US president's economic scorecard
October 1, 2012, 12:12 am TWN
WASHINGTON--Under President Barack Obama, the U.S. economy has pulled out of the deep 2008-2009 recession. But growth remains feeble, as many key indicators of economic health show.
Here is a scorecard of economic performance under Obama:
When Obama took office in January 2009, the economy was severely contracting, losing 5.3 percent in the first quarter of 2009. It began recovering within months, but growth in the second quarter of 2012 was still a very weak 1.3 percent.
Jobs and Joblessness
In the three months from January 2009, when Obama took office, the economy lost an average of 780,000 jobs per month. The economy began adding jobs again in March 2010, but in the three months to August 2012, the figure averaged a low 94,000 a month, barely enough to keep up with population growth. The jobless rate in January 2009 was 7.8 percent, rising to 10.0 percent in October that year. Now it is 8.1 percent.
Meanwhile, the number of official jobless has fallen from the peak but remains close to where it was in January 2009, while those who have dropped out of the jobs market has increased. The official numbers of those unemployed in January 2009, October 2009 and August 2012 are 12.05 million, 15.42 million and 12.54 million, respectively. The numbers of those who stopped looking for jobs in January 2009, October 2009, August 2012 are 5.68 million, 6.02 million and 6.96 million, respectively.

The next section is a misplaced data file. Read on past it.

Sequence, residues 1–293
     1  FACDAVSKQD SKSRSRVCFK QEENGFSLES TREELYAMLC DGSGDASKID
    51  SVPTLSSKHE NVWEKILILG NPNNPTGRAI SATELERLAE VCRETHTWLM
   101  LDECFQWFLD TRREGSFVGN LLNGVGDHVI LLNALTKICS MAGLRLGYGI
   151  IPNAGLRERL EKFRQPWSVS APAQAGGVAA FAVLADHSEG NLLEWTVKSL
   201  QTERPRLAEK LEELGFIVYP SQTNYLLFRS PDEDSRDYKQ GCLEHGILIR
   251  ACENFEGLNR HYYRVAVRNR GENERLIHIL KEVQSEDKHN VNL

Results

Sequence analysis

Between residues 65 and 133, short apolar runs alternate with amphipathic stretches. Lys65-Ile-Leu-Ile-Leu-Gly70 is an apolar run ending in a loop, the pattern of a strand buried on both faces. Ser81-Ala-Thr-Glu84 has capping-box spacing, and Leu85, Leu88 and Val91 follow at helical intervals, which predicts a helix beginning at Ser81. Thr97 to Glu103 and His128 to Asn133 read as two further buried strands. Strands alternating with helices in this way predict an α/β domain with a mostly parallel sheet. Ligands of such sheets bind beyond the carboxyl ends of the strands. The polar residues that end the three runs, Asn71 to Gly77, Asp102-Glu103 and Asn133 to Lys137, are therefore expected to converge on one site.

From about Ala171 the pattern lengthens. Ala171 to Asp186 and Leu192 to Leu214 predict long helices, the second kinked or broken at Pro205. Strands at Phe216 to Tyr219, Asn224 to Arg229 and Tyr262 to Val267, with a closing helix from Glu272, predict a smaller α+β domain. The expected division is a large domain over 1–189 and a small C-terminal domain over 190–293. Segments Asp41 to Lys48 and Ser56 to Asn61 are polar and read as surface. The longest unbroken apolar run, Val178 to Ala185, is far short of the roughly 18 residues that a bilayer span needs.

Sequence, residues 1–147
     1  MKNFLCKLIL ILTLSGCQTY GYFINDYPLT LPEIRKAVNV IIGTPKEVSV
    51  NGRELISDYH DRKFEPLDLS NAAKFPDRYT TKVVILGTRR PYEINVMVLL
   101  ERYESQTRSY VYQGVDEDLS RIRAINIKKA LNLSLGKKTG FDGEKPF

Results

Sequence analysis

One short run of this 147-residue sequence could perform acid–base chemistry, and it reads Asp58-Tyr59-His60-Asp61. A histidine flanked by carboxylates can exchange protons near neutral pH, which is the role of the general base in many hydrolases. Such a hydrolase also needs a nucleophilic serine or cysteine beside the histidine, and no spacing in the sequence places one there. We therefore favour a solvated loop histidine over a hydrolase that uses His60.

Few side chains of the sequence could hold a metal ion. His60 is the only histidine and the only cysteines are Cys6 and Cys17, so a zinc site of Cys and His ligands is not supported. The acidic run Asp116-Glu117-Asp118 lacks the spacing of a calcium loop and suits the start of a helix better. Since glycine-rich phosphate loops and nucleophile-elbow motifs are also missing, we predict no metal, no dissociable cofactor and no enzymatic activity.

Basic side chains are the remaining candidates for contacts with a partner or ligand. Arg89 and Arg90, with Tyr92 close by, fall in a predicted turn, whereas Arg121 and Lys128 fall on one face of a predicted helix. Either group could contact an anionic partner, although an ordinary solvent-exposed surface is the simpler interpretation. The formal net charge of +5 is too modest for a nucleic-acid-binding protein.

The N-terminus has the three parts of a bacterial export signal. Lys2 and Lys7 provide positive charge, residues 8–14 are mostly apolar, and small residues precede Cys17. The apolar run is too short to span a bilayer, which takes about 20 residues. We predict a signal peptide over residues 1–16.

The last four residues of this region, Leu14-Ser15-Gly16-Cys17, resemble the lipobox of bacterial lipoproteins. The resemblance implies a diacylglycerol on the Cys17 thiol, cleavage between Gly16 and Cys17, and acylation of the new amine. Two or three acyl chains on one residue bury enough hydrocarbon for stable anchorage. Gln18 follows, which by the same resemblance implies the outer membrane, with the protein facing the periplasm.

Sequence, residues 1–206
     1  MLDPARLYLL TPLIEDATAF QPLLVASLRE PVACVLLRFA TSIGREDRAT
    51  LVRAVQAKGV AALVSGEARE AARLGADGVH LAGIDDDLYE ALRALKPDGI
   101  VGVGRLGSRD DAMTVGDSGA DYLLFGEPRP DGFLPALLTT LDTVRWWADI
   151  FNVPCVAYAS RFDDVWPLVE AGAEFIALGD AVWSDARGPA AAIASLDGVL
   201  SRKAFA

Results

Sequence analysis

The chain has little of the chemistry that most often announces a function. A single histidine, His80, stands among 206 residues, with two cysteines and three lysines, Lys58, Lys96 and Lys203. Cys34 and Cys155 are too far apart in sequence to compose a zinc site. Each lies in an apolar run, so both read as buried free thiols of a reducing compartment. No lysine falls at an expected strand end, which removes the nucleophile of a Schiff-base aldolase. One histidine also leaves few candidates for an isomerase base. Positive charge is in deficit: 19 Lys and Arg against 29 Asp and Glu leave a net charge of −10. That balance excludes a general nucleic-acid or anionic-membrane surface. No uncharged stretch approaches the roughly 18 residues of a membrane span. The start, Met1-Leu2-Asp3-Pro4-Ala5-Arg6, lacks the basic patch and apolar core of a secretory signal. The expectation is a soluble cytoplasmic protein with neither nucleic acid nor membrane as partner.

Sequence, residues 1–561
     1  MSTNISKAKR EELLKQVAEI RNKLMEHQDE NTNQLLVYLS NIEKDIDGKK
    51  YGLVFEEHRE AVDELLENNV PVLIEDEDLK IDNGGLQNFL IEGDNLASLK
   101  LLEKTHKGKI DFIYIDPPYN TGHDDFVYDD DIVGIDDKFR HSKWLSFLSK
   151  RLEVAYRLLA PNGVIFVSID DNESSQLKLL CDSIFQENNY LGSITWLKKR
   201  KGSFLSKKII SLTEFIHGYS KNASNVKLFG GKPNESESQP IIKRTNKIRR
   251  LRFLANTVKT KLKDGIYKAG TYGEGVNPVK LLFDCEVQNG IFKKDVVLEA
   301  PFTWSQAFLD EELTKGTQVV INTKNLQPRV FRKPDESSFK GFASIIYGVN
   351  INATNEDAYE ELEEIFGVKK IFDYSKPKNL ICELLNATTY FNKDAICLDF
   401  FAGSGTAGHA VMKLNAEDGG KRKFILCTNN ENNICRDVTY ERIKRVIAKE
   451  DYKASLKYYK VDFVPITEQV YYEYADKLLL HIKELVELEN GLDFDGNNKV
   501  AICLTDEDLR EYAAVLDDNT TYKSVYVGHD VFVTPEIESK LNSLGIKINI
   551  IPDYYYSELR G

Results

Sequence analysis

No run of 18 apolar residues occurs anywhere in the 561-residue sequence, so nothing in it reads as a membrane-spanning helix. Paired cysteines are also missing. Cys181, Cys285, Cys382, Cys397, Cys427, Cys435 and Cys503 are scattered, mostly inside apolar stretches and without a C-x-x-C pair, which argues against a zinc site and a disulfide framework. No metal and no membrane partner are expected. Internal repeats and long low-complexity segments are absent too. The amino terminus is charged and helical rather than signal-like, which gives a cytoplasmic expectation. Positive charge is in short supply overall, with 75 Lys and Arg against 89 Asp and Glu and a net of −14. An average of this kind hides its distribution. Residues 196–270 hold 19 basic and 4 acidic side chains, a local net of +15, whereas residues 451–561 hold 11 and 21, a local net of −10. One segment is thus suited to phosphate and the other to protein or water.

Unadjusted for inflation, average weekly earnings have risen to US$809.09 from US$751.22. But when inflation is figured in, earnings are down by almost US$3.00 a week.
The number of people receiving food stamps under the government's SNAP program has risen from 14.5 million households to 22.4 million households (June 2012).
The national debt has risen to US$16.0 trillion from US$10.6 trillion. The deficit has fallen from US$1.41 trillion in fiscal 2009 to a projected US$1.13 trillion in fiscal 2012. The government's credit rating, from Standard & Poor's, was cut last year for the first time ever, to AA+ from the top-level AAA.
One gallon (3.8 liters) of gasoline has doubled to US$3.66 from US$1.81.
The S&P 500 stock index has rebounded from 826 to 1,441.
The median price for new homes has recovered from US$208,600 to US$256,900. But the percent of all home loans either delinquent or in foreclosure is virtually unchanged, 11.9 percent for the fourth quarter of 2008 and 11.6 percent in the second quarter of 2012.